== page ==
A prickly subject

Cactus - gardening
Cactus - gardening
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Fuerteventura Botanical Garden of Cacti and Tropical Plants – yes, of course this featured on our recent trip to this Canary Island!

I have always had an interest in Cacti and succulents. Adapted to drought, very few species of these will happily survive in our climate outside, but they do make very tolerant houseplants. Needing little in the way of care, most are killed by ‘kindness’ – as in over-watering – as they suffer little in the way of pests or diseases.

So the Botanical Garden of Cacti and Tropical Plants just had to be visited whilst we were on Fuerteventura…

This is a very ‘new’ botanical garden. The first trees were only planted in the late 1980’s, where previously only a few palm trees grew. The Cacti and Succulents have only been added since the turn of the century – yet it all looked fantastic! Thousands of specimens, in over 2,000 species, not only from the Canary Islands but also from the arid areas of Peru, Mexico and Chile, the United States, Kenya, Tanzania, Madagascar and Morocco, all planted in the most wonderful ‘naturalistic’ style on the slopes of a valley – with scenery to die for.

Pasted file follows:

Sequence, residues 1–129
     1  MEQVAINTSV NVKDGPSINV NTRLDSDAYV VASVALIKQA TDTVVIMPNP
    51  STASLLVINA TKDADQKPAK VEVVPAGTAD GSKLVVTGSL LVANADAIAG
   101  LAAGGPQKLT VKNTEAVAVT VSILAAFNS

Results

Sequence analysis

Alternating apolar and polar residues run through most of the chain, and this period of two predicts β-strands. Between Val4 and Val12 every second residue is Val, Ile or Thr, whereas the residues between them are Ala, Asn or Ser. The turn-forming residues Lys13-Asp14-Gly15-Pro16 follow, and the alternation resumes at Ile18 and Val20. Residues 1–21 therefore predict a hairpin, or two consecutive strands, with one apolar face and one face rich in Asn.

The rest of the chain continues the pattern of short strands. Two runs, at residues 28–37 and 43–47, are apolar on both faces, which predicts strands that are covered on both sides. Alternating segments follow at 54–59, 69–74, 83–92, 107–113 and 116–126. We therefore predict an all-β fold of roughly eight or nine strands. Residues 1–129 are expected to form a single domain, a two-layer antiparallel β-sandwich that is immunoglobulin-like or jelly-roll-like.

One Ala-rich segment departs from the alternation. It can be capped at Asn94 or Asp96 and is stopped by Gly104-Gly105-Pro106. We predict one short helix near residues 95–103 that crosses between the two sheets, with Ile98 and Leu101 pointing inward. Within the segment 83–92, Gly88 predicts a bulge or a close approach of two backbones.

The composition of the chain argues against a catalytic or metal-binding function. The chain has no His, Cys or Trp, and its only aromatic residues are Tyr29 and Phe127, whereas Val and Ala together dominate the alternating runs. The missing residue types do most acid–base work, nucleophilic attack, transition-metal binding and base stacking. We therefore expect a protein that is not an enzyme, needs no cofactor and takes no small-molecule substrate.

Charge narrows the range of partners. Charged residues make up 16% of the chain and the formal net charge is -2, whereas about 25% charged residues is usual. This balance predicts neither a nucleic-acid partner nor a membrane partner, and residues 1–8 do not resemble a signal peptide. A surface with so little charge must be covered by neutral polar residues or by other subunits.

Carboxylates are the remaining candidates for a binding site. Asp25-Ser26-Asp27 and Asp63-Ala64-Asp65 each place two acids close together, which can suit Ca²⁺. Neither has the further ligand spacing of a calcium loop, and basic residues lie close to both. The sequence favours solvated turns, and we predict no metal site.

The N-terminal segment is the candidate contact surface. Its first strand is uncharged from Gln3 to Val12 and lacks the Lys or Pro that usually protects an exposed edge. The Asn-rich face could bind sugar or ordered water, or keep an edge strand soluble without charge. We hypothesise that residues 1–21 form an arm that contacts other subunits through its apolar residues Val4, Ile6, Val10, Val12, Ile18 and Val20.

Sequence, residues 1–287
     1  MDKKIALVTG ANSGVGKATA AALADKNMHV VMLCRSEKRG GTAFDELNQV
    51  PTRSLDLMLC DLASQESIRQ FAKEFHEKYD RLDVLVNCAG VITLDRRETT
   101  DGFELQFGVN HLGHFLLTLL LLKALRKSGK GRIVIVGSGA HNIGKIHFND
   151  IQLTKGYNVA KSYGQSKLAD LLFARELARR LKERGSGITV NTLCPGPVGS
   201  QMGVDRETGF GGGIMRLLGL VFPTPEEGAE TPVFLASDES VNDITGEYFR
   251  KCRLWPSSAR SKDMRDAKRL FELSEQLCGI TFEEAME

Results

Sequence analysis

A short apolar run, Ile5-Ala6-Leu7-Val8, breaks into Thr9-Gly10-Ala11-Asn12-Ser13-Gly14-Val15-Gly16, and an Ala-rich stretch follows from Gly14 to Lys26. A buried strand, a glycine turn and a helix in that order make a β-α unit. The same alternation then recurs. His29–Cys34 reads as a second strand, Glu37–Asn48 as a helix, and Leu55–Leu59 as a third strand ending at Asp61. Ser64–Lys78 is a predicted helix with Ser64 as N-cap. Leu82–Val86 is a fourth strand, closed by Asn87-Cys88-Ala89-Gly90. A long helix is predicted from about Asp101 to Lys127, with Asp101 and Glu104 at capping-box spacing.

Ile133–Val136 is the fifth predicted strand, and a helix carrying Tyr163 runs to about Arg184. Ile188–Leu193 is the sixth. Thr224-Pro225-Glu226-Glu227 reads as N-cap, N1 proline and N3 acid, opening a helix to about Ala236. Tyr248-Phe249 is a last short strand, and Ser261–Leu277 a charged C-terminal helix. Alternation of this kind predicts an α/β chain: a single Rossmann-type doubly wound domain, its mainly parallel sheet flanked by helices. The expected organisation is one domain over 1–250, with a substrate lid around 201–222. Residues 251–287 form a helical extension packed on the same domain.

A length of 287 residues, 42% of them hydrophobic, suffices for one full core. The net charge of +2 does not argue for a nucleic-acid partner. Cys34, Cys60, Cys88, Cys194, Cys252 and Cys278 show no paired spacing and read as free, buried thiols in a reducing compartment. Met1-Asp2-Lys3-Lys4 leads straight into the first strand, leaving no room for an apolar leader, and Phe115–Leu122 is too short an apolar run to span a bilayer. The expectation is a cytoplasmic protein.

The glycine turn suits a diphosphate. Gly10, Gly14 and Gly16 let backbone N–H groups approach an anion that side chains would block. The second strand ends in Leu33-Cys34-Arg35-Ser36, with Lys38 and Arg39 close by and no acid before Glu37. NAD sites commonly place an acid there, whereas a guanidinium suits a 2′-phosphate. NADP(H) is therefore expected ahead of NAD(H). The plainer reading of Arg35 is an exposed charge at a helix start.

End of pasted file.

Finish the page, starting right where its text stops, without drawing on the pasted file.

Volcanic rock with very little in the way of soil, yet the planting gave the impression that they had been growing there forever. It may be a strange comparison, but if anyone has been to the Lost Gardens of Heligan in Cornwall, and walked through the jungle-like valley you may understand; good planting that looks as though nature meant it to be so.

This botanical garden boasts the largest Cacti collection in Europe, and my camera certainly overdosed that day. Thank goodness for digital.

Enormous columnar cacti many metres tall, contrasting with the “mother-in-laws seat” barrel cactus types (illustrated) such as Ferocactus and Echinocactus.

Euphorbias abounded; these look nothing like the herbaceous ones we grow in the UK, or the Mexican Poinsettia. No, these resemble trees. (In fact, we decorated the one outside our apartment with some tinsel and baubles for Christmas!).

Agaves and Aloes, Kalanchoe and Yuccas, plus a myriad of other exotics adorned the hillside.

I have to admit to looking at them purely from an aesthetic point of view, as would most visitors to the garden. Impressive, architectural plant forms, with flowers and inflorescences (flower spikes) that appear out of this world.

We tend to forget that many of these plants have edible and medicinal properties as well as being used for making everything from ropes and buildings, to paper and clothing for many thousands of years.

Tequila, for example, has been produced for over 500 years from the blue Agave.

Aloe vera is the most well-known of the 500 or so Aloes of the world and was certainly used by the Ancient Greeks and Romans to treat wounds. It is now thought to be extinct in the wild.

Needless to say, I could have spent far longer amongst these spiny beauties – but as we had left the children in the zoo down the hill we could stay no longer. But as the Oasis Park Zoo is host to the ‘other part’ of the botanical collection – the tropical and sub-tropical plants – I managed to tear myself away…

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